Tom Harrill, St Ives Chambers
Family law sits at the cutting edge of science. As the bounds of medicine and technology are pushed ever further the law must respond.
Part two considers assisted reproduction and the challenges of statutory interpretation under the Human Fertilisation and Embryology Act 2008 (as amended) (‘HFEA’), Part 2. Recent decisions of the senior courts provide a good example of how provisions of the HFEA have been read purposively in order to grant a parental without the need to make a declaration of incompatibly where the applicants did not meet one or more of the statutory criteria. It is in this context that there are renewed calls for Parliament to ensure the legislation is fit for purpose.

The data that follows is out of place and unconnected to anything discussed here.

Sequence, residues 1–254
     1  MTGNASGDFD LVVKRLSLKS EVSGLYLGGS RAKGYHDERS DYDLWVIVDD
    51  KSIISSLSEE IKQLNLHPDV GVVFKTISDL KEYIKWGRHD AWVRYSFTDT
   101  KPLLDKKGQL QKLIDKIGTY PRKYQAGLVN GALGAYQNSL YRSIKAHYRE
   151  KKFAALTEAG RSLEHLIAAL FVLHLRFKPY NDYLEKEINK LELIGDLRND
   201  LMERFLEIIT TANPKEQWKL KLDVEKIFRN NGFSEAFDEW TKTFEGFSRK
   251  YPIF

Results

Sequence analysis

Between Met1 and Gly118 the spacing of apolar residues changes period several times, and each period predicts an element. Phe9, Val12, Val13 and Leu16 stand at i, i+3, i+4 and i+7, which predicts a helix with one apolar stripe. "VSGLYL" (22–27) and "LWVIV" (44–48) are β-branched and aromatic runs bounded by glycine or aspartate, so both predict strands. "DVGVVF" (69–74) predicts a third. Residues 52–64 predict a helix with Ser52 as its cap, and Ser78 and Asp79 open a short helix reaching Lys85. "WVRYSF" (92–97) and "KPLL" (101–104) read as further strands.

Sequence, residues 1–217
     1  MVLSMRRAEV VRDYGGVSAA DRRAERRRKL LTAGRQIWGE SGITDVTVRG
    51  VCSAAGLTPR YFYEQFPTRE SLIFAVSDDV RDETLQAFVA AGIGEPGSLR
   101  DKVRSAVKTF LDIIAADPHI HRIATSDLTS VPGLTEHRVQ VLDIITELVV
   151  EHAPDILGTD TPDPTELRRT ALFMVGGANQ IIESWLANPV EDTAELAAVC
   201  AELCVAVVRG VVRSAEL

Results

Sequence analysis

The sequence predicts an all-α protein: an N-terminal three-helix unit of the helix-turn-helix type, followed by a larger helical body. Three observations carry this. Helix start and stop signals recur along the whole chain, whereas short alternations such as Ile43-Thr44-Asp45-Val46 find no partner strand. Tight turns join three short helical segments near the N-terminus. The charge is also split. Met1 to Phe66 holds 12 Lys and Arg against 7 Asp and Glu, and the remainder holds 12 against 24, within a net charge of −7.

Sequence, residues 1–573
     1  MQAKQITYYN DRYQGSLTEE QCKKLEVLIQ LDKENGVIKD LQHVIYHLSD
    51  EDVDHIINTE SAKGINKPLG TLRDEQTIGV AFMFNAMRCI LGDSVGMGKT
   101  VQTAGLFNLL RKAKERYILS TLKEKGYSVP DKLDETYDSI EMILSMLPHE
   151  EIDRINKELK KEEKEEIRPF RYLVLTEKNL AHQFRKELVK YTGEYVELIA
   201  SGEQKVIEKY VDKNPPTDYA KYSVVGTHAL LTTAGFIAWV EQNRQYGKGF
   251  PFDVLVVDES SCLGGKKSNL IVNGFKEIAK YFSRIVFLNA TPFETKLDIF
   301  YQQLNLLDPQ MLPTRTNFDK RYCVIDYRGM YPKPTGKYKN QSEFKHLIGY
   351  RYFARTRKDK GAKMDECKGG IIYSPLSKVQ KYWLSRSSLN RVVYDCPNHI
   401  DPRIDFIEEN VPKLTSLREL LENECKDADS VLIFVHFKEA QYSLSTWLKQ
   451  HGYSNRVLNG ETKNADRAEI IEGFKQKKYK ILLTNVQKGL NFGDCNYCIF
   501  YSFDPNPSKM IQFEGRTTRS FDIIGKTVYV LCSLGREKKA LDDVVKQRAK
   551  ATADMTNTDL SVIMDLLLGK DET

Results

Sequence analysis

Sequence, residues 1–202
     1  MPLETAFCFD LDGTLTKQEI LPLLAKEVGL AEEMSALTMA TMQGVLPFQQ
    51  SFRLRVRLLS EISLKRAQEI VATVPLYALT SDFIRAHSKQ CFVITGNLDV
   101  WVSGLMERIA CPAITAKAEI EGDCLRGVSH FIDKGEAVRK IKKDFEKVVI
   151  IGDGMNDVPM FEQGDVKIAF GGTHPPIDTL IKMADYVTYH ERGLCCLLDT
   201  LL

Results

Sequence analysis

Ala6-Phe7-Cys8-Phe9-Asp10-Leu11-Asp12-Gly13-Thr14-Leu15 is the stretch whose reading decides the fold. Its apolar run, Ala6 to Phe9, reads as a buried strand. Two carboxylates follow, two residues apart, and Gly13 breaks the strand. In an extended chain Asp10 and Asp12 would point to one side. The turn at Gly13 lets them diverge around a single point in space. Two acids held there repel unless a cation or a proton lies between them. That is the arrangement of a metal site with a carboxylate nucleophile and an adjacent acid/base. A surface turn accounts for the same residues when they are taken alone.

The full article will be published in the October issue of Family Law.
Read the full article here.